Jul 3, 2015

I would like to strongly recommend that everyone listening to this broadcast immediately go out and buy a short book (you can read it in one sitting) called THE COLLAPSE OF WESTERN CIVILIZATION by Naomi Oreskes and Erik Conway.  (NY:  Columbia University Press, 2014)  They had previous collaborated on a highly regarded book MERCHANTS OF DOUBT (NY and London:  Bloomsbury Publishing, 2011) in which they investigated the ability of large corporations (initially tobacco companies) to sow doubt about strong scientific findings that would, if followed, cut into their bottom lines.  In the case of tobacco, the companies were able to stave off the day of reckoning for decades.  Their success literally killed people. 

Sean Philpott-Jones: A Glossip v Gross Injustice

Jul 2, 2015

After years of disappointment, political progressives like myself had a lot to cheer about this past week. The US Supreme Court, which in recent rulings has struck blows against organized labor and exempted some for-profit businesses from the contraception mandate of the Affordable Care Act, handed the left wing a number of stunning victories.

Herbert London: What We Will Do For A Deal

Jul 1, 2015

Supreme Leader of Iran Ali Khamenei publicly rejected a key component of the nuclear deal when he said: “We don’t accept a 10 year restriction” on the development of nuclear weapons. Moreover, he noted, “all economic, financial, and banking sanctions implemented either by the United Nations Security Council, the United States Congress or the administration, must be lifted immediately when the deal is signed.” Both of these unequivocal statements clearly challenge understandings in the framework.

I’ve been celebrating like many of you over the marriage equality and Obamacare decisions last Thursday and Friday. But my own celebrations are tempered by the realization that these two cases don’t symbolize any shift on the Court. Kennedy’s libertarian philosophy has paid dividends in the gay rights controversy for years. But the decision last November to hear the case challenging whether federal health exchanges could provide subsidies to those without the money to buy a health plan unassisted, turned into a trap.[1] The scale of damage that would have been done by blocking the subsidies made it impossible even for opponents of the program to shut it down. Nothing in the decision suggests that Kennedy had a change of heart about having wanted to declare it unconstitutional, and nothing suggests that Roberts had a change of heart about narrowing the commerce power, even though he had approved the individual mandate in the statute as a tax. Twenty years ago, Thomas wrote he would consider going back to the Court’s very restrictive definition of federal powers before 1937 when President Franklin Roosevelt’s appointments changed the Court’s philosophy. Apparently Scalia and Alito are on Board with him.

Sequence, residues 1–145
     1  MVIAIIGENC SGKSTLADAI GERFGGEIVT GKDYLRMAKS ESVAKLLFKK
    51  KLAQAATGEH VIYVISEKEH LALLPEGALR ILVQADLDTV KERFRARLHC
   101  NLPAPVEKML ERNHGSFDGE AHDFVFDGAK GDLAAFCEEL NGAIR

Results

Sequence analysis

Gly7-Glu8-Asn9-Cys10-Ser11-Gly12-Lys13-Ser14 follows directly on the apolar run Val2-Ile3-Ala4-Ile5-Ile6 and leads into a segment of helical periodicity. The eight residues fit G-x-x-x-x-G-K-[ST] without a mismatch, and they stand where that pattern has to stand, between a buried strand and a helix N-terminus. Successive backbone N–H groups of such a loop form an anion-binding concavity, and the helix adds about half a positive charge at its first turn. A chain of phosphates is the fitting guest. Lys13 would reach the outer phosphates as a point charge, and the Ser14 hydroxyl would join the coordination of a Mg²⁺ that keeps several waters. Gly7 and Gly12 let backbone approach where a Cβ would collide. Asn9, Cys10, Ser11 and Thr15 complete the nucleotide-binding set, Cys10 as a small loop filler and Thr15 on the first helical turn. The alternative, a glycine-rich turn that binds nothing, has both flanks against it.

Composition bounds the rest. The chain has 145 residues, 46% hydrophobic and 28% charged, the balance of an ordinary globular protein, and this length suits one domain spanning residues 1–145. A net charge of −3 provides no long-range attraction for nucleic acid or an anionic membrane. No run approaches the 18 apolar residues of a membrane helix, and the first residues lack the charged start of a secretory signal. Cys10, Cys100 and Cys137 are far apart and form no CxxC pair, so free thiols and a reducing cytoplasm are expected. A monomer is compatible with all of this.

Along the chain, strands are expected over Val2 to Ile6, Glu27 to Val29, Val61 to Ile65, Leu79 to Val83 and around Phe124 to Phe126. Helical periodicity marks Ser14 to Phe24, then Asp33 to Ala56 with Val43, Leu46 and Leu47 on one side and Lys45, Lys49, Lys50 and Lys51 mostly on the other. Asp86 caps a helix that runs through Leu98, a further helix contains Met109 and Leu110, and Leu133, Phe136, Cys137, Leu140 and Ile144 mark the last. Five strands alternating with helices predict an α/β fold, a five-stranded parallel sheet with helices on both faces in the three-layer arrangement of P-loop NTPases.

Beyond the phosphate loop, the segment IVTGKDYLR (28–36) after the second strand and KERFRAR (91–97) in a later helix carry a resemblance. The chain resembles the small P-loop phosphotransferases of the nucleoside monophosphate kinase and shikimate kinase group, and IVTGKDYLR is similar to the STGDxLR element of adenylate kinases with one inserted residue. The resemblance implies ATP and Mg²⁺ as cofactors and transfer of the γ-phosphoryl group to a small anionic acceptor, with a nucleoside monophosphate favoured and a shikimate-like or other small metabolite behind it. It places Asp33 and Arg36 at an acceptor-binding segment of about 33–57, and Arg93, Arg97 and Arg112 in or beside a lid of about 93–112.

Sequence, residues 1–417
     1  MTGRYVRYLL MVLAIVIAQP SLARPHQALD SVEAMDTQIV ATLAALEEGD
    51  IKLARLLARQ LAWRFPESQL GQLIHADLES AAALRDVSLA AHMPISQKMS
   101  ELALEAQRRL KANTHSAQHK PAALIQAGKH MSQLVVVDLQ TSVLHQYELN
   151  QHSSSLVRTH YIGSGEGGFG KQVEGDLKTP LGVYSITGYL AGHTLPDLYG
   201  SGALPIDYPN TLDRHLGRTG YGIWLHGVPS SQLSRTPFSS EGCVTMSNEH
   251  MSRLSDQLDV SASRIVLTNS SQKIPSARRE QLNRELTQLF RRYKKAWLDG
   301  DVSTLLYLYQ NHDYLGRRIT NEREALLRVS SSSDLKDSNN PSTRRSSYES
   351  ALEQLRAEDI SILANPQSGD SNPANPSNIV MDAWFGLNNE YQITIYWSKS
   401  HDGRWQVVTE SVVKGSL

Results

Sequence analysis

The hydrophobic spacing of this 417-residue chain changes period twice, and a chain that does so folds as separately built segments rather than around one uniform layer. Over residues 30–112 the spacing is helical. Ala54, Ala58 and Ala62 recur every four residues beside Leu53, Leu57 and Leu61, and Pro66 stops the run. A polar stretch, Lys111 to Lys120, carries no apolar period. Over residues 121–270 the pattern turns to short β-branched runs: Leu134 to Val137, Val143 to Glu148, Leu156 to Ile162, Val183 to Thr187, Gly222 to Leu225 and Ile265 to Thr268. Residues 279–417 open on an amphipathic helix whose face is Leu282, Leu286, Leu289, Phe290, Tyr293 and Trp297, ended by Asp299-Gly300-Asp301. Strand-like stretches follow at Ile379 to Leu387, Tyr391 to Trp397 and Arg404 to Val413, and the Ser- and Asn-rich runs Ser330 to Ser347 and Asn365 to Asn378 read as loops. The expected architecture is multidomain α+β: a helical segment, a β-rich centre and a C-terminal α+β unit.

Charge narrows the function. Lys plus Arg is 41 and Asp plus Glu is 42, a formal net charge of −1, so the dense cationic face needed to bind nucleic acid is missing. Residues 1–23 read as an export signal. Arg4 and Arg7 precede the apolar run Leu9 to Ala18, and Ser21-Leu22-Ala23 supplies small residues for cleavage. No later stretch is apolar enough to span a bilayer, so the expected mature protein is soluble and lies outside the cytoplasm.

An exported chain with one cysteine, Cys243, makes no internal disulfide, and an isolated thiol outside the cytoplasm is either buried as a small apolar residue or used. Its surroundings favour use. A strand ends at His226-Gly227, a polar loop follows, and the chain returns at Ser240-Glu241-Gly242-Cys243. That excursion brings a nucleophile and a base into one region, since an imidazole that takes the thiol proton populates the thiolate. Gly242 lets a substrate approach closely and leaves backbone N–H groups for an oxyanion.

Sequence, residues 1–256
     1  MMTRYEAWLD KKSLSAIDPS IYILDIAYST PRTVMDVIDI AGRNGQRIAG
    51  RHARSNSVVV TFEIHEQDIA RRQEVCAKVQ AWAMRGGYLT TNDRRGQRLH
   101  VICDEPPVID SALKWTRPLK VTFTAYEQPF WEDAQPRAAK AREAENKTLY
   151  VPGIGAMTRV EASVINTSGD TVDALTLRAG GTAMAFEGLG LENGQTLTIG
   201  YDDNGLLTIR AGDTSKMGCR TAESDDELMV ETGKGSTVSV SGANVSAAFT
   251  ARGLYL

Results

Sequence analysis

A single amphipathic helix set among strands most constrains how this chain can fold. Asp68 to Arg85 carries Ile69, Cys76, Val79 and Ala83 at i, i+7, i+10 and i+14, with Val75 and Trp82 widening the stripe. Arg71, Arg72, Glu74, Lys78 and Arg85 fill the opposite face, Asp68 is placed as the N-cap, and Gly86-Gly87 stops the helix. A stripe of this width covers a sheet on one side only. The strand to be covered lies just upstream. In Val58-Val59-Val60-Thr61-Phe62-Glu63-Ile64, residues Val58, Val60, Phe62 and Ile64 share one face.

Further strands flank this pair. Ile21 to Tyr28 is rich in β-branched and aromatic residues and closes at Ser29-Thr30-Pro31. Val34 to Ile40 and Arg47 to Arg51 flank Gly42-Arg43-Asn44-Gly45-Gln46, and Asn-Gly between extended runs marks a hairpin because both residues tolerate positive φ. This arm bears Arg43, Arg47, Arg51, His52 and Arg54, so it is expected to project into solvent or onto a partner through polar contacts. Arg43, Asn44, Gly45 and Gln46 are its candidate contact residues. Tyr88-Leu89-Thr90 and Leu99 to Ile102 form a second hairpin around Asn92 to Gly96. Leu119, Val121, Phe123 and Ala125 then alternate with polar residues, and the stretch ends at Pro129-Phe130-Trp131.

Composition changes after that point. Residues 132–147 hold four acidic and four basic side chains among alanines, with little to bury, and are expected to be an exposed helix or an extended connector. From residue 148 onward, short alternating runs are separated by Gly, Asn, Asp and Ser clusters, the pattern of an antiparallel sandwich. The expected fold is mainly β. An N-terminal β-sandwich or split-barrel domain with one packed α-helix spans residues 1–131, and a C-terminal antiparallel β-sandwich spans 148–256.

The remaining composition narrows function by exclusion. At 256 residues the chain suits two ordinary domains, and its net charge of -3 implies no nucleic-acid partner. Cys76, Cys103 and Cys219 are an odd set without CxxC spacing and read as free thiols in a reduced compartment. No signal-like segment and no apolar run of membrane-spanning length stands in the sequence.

Bill Owens: An Angel Fund In The North Country?

Jun 30, 2015

In the nearly thirty-five years that I have been involved as an attorney, bank director, member of Congress and volunteer in economic development, one of the most pressing issues by business consistently is the lack of startup capital.


The 2015 legislative session wrapped up last week, one week later than scheduled.  During the last 2 weeks of session, nearly 540 bills passed both houses.  But the big story was the last bill approved – the “Big Ugly.”

David Nightingale: Franklin's Electricity

Jun 28, 2015

At the time of the Declaration of Independence it wasn't known what electricity was. A fluid, perhaps? Or a fire?

Herbert Wolff Reviews "The How and the Why"

Jun 26, 2015

Friction and discomfort are apparent from the moment Rachel tosses her backpack on a chair in the classic Ivy League office of Professor Zelda Kahn.  They are meeting for the first time, on the eve of a major biology conference.  The edginess on the part of both women continues throughout The How and the Why – the play now on stage at Shakespeare & Company.  This tension colors and, indeed, “grows” the play.

You Make It Happen

Jun 26, 2015

As we enter the summer months, our gardens are flourishing, our children and grandchildren are swimming and the programming on WAMC changes ever so subtly. For example, WAMC is proud to play every Boston Symphony Orchestra concert from Tanglewood. What could possible be better than sitting under the stars, listening to the best music ever composed?